IISS: China Preparing for ‘Protracted War’

China is learning from Russia’s invasion of Ukraine and starting to prepare for a “protracted” war in the Indo-Pacific region by making legal changes that will help integrate military and civilian mobilization, an analyst at the International Institute for Strategic Studies said on Tuesday.

Recent moves by China to ease any return of reservists and veterans to their former units as well as give the military access to civilian infrastructure and fuel stocks show Beijing’s thinking about how to fight a conflict in the Indo-Pacific, said Meia Nouwens, senior fellow for Chinese security and defense policy at the IISS.

These changes suggest Beijing thinks an Indo-Pacific conflict might not be “a short, quick, swift victory after a surprise attack, but actually acknowledging that potential conflict might be protracted, and a war of attrition,” she told Nikkei Asia at the launch of the IISS Military Balance 2024, an annual report.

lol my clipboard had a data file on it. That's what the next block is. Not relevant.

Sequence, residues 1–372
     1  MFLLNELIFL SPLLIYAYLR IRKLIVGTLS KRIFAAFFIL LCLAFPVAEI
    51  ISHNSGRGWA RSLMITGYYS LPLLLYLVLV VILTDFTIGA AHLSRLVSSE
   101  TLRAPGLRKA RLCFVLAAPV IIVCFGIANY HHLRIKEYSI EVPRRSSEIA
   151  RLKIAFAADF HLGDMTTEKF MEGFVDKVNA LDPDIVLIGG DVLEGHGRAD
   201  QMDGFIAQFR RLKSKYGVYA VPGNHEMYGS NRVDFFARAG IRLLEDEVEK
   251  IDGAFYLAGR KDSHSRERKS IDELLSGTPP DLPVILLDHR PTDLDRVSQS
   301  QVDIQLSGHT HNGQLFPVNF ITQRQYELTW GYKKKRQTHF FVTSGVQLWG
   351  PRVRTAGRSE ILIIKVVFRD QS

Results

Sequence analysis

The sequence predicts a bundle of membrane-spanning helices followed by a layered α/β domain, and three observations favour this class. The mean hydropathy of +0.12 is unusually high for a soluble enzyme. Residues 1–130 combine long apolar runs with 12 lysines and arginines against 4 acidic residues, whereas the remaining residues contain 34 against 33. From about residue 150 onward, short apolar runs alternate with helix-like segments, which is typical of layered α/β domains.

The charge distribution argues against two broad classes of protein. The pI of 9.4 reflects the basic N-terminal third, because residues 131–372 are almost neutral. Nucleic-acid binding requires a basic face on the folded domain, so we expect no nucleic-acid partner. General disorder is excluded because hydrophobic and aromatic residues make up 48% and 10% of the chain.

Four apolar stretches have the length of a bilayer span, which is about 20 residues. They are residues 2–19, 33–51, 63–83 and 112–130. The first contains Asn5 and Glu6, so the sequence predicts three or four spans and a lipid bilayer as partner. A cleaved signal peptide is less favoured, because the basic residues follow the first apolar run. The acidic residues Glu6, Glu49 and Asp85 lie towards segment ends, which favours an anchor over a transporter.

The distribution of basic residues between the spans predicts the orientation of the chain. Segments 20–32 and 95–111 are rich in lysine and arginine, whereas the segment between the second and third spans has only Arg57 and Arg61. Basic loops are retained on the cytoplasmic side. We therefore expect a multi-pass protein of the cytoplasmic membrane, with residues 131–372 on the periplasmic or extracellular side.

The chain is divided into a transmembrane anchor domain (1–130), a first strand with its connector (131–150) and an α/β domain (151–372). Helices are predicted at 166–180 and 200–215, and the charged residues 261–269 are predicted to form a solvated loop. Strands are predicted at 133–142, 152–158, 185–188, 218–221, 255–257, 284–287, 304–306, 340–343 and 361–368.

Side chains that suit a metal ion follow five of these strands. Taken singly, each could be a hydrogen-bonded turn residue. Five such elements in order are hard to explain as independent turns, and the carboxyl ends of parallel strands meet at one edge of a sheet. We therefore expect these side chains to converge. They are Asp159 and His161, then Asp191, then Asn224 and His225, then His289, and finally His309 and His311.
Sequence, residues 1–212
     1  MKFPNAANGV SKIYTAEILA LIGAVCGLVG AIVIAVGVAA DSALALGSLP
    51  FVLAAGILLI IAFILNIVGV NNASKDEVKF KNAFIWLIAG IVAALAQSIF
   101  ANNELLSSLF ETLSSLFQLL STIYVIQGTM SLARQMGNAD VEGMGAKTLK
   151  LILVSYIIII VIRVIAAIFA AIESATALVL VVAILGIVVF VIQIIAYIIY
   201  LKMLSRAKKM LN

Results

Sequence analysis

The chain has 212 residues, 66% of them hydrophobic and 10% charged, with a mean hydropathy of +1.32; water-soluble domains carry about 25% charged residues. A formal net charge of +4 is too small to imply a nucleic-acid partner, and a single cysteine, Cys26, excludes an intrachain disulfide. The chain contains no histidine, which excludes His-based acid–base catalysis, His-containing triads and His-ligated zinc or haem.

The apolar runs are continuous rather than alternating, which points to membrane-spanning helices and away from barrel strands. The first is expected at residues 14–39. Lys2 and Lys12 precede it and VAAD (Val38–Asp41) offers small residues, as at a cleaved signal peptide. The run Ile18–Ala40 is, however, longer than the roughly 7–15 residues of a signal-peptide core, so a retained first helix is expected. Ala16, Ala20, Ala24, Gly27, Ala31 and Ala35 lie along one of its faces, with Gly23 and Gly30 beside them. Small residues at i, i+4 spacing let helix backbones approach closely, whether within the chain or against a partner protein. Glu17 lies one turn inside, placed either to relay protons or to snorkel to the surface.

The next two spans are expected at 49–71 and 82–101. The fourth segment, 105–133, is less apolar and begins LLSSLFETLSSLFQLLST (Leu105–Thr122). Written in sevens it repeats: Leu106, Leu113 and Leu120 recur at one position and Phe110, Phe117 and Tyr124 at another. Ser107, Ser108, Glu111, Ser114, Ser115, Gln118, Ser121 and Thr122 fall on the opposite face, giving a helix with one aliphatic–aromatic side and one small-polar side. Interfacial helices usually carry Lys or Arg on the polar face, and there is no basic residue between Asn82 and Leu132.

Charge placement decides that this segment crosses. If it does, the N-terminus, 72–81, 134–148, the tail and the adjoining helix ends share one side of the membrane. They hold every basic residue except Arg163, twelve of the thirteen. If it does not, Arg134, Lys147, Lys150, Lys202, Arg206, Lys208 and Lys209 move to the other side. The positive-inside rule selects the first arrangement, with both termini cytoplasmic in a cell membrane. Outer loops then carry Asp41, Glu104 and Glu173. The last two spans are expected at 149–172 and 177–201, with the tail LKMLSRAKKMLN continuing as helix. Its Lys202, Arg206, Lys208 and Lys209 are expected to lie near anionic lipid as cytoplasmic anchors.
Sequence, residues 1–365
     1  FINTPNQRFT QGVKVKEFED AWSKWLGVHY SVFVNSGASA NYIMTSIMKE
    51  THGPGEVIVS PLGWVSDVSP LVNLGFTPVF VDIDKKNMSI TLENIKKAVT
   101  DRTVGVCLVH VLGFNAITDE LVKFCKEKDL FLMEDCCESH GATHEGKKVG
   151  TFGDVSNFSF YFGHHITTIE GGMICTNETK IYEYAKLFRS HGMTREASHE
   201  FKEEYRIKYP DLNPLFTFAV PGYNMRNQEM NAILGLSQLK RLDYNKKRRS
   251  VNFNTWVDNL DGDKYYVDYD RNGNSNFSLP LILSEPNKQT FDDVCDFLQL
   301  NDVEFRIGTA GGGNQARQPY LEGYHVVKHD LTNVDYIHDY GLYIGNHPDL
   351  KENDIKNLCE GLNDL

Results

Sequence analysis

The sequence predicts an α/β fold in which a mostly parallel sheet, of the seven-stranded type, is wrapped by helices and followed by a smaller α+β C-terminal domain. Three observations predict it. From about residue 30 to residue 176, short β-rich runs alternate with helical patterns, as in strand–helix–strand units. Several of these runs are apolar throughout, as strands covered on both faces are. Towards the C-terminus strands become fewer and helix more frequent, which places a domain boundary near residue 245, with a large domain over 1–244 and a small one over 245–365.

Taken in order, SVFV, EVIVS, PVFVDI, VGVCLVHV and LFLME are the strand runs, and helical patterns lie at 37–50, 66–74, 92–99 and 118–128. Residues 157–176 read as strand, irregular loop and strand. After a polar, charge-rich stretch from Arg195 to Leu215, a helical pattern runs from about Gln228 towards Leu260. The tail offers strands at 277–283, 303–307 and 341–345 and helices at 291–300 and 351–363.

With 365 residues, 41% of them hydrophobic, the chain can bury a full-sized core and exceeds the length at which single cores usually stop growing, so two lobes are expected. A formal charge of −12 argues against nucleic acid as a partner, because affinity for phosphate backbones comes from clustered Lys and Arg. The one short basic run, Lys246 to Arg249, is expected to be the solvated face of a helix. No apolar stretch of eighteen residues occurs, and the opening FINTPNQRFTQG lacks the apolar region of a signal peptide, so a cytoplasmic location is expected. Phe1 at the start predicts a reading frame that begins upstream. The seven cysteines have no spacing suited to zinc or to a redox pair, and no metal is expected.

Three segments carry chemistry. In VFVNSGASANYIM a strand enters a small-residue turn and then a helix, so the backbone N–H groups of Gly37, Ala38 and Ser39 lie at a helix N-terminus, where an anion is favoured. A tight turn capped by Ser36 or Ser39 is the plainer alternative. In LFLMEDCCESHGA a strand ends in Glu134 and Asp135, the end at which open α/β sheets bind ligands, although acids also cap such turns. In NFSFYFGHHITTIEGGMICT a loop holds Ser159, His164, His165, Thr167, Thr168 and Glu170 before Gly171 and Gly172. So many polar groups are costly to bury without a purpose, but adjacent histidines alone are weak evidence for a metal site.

Beijing is studying Russia’s moves to cope with the war in Ukraine, she said. Moscow had thought it would conquer Ukraine in days, but fighting continues nearly two years later.

With the Hamas-Israel war in Gaza threatening to become a wider conflict, as well as coups in Niger and Gabon, Azerbaijan retaking the Nagorno-Karabakh region and China’s belligerence over Taiwan and the South China Sea, the London-based think tank warned of an “era of insecurity” in its Military Balance.

The report expects global defense spending this year to surpass the record $2.2 trillion for 2023, itself a 9% increase over the year before.

See full article from asia.nikkei.com.

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